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Well-meaning balloons turn into deadly trash in the water

by NOAA Fisheries 15 Jun 11:20 UTC
A Loggerhead turtle hatchling swims alongside latex balloon garbage © Balloons Blow, balloonsblow.org

If you wouldn't throw a soda can out of your car window, then rethink releasing balloons. While releasing balloons have come to symbolize hopes, dreams, and good wishes for the future, every balloon released during celebrations comes down as trash, with grave potential to injure or kill wildlife.

Scott Benson, a marine ecologist with NOAA Fisheries' Southwest Fisheries Science Center, remembers fishing a balloon out of the ocean off the coast of San Francisco during a leatherback sea turtle research survey. On the balloon was a phone number. So he called.

"It went to a school in the Oakland area," Benson said. "I spoke with the teacher who released it and she was shocked that I had found it 20 to 30 miles off the coast. She told me they would never release balloons again for fear they might end up in the ocean."

We see balloons everywhere: at memorials, funerals, graduations, birthdays, anniversaries, weddings, conventions, sporting events, and even car dealerships. It can feel joyful to release them up to the sky, watching them soar unfettered into the atmosphere where they vanish into the ether. Except they don't.

Balloons can travel hundreds, sometimes thousands, of miles before landing. In 1998, a balloon released at the Olympics in Nagano, Japan, landed in Los Angeles just 49 hours later, a distance of approximately 5,300 miles.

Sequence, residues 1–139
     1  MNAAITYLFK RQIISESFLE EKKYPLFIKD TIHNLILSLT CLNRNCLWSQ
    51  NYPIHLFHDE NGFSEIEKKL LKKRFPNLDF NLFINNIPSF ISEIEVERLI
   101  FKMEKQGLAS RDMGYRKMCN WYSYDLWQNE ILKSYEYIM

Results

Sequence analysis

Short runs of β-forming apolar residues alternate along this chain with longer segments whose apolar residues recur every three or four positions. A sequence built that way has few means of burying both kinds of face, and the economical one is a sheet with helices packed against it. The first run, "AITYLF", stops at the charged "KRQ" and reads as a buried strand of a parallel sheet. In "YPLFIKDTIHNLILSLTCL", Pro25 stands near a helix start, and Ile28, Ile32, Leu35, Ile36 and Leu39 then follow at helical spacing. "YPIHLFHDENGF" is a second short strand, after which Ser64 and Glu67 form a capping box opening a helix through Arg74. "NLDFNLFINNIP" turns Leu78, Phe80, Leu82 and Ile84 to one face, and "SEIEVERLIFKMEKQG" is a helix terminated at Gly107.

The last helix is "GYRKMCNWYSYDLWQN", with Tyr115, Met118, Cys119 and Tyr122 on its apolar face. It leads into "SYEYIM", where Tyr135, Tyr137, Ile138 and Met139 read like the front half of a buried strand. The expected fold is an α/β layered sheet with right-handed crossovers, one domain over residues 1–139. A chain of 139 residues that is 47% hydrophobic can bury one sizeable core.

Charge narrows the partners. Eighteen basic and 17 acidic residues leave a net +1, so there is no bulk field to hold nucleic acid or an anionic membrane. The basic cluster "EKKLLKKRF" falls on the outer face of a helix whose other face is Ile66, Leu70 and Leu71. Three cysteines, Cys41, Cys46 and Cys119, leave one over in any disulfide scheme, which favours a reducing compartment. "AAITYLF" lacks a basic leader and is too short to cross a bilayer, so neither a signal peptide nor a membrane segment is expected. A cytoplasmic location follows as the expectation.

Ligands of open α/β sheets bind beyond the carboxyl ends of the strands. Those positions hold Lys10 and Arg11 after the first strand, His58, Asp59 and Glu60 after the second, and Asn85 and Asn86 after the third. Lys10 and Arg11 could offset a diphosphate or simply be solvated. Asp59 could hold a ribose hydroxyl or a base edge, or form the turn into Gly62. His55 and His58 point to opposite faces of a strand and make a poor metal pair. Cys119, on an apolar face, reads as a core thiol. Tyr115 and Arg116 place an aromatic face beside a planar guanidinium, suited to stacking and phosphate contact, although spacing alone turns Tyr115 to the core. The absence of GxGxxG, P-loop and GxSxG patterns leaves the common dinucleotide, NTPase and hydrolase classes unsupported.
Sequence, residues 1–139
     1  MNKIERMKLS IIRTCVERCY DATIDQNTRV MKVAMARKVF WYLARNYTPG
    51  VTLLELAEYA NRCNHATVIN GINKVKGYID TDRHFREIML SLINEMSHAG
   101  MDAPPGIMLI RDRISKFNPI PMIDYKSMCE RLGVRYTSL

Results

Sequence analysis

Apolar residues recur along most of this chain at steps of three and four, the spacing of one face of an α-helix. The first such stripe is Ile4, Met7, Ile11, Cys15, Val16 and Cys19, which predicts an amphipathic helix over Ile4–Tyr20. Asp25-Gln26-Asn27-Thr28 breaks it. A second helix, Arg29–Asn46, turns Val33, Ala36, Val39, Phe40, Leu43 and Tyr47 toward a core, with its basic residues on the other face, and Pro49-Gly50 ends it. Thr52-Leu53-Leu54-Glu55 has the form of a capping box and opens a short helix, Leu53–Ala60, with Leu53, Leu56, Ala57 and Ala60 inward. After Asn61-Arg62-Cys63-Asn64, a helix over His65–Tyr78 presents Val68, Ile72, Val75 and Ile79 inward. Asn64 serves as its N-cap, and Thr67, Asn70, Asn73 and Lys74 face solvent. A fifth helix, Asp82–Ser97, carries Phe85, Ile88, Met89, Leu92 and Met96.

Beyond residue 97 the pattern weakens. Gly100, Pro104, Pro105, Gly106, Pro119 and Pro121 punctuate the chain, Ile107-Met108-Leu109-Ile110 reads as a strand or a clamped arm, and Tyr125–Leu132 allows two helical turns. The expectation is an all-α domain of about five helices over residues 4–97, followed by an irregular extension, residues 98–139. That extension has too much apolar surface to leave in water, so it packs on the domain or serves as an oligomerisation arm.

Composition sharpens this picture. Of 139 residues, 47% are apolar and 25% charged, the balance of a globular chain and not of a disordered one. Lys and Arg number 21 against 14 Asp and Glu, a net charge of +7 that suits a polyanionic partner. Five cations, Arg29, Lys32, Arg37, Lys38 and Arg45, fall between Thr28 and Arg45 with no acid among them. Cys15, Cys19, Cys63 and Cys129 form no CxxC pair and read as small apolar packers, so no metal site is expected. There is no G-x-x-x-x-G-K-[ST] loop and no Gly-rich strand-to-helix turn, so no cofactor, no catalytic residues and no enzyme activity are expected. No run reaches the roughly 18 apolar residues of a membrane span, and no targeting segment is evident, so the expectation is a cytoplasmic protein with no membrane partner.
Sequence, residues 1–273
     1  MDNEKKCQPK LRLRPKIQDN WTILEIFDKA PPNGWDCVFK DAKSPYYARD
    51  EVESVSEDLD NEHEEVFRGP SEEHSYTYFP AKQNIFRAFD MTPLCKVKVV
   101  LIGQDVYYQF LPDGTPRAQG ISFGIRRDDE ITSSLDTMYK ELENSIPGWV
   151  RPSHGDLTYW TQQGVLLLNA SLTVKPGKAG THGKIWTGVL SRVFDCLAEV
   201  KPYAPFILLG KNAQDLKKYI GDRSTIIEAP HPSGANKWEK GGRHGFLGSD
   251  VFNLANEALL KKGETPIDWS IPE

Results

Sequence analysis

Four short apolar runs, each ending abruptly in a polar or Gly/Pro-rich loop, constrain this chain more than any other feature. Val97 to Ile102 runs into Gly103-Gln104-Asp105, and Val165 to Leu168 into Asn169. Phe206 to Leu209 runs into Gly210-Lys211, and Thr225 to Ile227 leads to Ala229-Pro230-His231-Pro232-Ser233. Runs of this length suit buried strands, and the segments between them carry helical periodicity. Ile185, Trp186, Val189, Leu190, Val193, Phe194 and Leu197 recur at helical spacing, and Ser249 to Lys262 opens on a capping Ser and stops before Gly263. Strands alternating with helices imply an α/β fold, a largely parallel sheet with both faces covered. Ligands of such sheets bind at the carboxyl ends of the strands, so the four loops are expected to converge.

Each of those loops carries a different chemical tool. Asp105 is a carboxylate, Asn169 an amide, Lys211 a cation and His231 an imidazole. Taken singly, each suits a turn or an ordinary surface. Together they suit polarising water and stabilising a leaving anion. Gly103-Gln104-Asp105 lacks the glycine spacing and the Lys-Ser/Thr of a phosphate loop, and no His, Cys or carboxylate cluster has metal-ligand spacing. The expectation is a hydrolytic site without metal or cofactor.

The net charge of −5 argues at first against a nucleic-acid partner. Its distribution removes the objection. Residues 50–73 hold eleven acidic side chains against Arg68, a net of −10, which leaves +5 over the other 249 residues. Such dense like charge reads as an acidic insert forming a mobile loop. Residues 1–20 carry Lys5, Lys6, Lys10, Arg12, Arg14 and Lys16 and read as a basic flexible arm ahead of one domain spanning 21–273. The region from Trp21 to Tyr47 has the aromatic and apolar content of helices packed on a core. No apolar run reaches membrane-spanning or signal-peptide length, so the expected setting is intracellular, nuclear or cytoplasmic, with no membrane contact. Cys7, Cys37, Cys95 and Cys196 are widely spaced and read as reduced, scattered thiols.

In the oceans, balloons are pollution, another source of marine debris. Marine mammals, fish, turtles and seabirds often eat the floating deflated balloons and end up choking or starving as their bellies fill up with the plastic and Mylar. Some animals get tangled in the ribbons tied to the balloons, cutting into their skin, causing infections and, in some cases, slow death.

Sea turtles are at special risk because the balloons' form, shiny Mylar material, and vibrant colors of rubber and latex resemble their favorite food – jellyfish – when floating in the water. Balloons may clog a turtle's digestive system, leaving the animal to starve to death.

Jeff Seminoff, marine ecologist and leader of the Marine Turtle Ecology and Assessment Program at the Southwest Fisheries Science Center, has spent much of his life on the ocean researching sea turtles and doesn't mince words about his feelings towards balloons.

"I hate them," he said. "I've spent quite a lot of time offshore of central and southern California doing research on sea turtles and Mylar balloons are ubiquitous. They are the one piece of trash you see more than anything else."

The Ocean Conservancy's annual International Coastal Cleanup supports his observations. Over the last nine years the Conservancy has conducted a one day "snapshot" of balloon debris during their annual beach cleanup. From 2008 through 2016, 280,293 balloons were found in the United States, an average of 31,143 each year.

A recent research study for NOAA's Marine Debris program found that many people do not understand that all balloons, even those labeled as "environmentally friendly," can harm wildlife.

Fortunately several organizations are uniting to inform the public through campaigns and social media about the harm balloons can pose to the environment, and to offer alternatives, such as blowing soap bubbles or tossing flower petals. In Virginia, for instance, a campaign called Joyful Send-off! encourages wedding planners to consider balloon-free celebrations.

Other educational websites such as Balloons Blow....Don't Let Them Go, cite the hazards balloons pose to the environment. Some cities and counties have enacted ordinances against releasing balloons.

"The whole balloon release thing just doesn't make sense anymore," said Benson. "We're just releasing garbage into the air, harming wildlife, and contributing to ocean pollution."

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